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Baroness Emma Orczy
This eBook from the Gutenberg Project consists of approximately 273 pages of information about The Nest of the Sparrowhawk.

“Forgive me, sweet lady,” he said quite gently, as he rose from his knees.  “I said more than I had any right to say.  I entreat you to forgive the poor, presuming peasant who hath dared to raise his eyes to the fairy princess of his dreams.  I pray you to try and forget all that hath happened to-night beneath the shadows of these elms—­and only to remember one thing:  that my life—­my lonely, humble, unimportant life—­is yours ... to serve or help you, to worship or comfort you if need be ... and that there could be no greater happiness for me than to give it for your sweet sake.”

He bowed very low, until his hand could reach the hem of her kirtle, which he then raised to his lips.  She was infinitely sorry for him; all her anger against him had vanished.

He was very reluctant to go, for this portion of the park was some distance from the house.  But she had commanded and he quite understood that she wished to be alone:  love such as that which he felt for his sweet lady is ever watchful, yet ever discreet.  Was it not natural that she did not care to look on him after he had angered her so?

She seemed impatient too, and although her feelings towards him had softened, she repeated somewhat nervously:  “I pray you go!  Good master, I would be alone.”

Lambert hesitated a while longer, he looked all round him as if suspicious of any marauders that might be lurking about.  The hour was not very late, and had she not commanded him to go?

Nor would he seem to pry on her movements.  Having once made up his mind to obey, he did so without reserve.  Having kissed the hem of her kirtle he turned towards the house.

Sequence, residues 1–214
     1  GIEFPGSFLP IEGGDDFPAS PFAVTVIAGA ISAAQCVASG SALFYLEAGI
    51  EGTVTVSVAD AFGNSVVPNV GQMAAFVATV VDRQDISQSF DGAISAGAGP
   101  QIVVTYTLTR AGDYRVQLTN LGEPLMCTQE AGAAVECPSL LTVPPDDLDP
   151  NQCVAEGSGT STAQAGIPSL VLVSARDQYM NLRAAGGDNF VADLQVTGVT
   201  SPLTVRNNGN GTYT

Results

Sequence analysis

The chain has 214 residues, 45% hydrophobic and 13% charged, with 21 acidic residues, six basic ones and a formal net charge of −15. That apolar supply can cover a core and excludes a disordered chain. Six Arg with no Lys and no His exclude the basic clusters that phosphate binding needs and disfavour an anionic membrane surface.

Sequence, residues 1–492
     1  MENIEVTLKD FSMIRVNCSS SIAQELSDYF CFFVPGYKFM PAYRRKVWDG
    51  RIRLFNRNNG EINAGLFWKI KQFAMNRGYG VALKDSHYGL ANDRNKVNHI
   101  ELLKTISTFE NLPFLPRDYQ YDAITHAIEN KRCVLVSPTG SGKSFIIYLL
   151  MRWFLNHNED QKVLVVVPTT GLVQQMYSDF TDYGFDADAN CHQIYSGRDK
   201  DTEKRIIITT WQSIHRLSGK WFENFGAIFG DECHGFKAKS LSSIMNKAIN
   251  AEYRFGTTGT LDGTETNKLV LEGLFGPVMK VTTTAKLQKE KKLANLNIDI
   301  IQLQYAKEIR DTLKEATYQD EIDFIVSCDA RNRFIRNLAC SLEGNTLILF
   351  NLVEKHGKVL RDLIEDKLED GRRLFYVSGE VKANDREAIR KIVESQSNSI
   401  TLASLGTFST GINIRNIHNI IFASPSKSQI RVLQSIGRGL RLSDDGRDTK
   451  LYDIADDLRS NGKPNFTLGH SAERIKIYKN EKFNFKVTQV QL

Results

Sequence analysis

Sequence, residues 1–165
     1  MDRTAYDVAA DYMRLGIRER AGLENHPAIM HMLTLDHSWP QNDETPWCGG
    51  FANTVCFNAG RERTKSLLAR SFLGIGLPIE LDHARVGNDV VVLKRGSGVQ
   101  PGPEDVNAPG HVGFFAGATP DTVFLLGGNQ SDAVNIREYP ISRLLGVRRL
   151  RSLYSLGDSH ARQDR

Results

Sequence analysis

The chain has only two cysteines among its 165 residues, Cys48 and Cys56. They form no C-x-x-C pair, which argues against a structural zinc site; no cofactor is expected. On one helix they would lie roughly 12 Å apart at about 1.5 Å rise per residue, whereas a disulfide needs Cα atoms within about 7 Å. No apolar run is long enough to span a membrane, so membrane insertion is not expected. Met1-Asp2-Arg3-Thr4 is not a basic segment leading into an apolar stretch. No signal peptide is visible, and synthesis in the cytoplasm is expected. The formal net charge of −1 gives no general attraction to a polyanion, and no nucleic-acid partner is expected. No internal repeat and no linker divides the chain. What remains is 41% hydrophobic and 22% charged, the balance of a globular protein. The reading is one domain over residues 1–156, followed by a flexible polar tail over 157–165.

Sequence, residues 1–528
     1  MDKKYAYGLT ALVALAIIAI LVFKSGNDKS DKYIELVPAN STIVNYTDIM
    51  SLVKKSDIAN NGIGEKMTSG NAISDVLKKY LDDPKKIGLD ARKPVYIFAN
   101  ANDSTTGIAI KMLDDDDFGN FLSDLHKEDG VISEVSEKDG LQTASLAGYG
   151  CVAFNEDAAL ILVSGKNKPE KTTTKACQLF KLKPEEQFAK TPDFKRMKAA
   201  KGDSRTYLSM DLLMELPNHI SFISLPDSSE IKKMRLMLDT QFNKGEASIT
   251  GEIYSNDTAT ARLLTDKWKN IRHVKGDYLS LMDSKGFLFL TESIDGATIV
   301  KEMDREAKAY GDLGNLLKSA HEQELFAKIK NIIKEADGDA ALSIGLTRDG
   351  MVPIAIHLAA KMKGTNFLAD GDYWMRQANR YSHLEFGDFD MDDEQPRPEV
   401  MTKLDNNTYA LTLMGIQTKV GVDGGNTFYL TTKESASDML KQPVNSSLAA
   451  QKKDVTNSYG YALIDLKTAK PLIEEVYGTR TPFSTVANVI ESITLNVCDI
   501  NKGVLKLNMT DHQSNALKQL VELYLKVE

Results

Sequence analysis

He meant to keep on the tiny footpath, which she would be bound to traverse after him, when she returned.  He felt sure that something would warn him if she really needed his help.

The park and woodland were still:  only the mournful hooting of an owl, the sad sighing of the wind in the old elms broke the peaceful silence of this summer’s night.

CHAPTER VII

THE STRANGER WITHIN THE GATES

Sue waited—­expectant and still—­until the last sound of the young man’s footsteps had died away in the direction of the house.

Then with quick impulsive movements she ran to the gate; her hands sought impatiently in the dark for the primitive catch which held it to.  A large and rusty bolt! she pulled at it—­clumsily, for her hands were trembling.  At last the gate flew open; she was out in the woods, peering into the moonlit thicket, listening for that most welcome sound, the footsteps of the man she loved.

“My prince!” she exclaimed, for already he was beside her—­apparently he had lain in wait for her, and now held her in his arms.

“My beautiful and gracious lady,” he murmured in that curiously muffled voice of his, which seemed to endow his strange personality with additional mystery.

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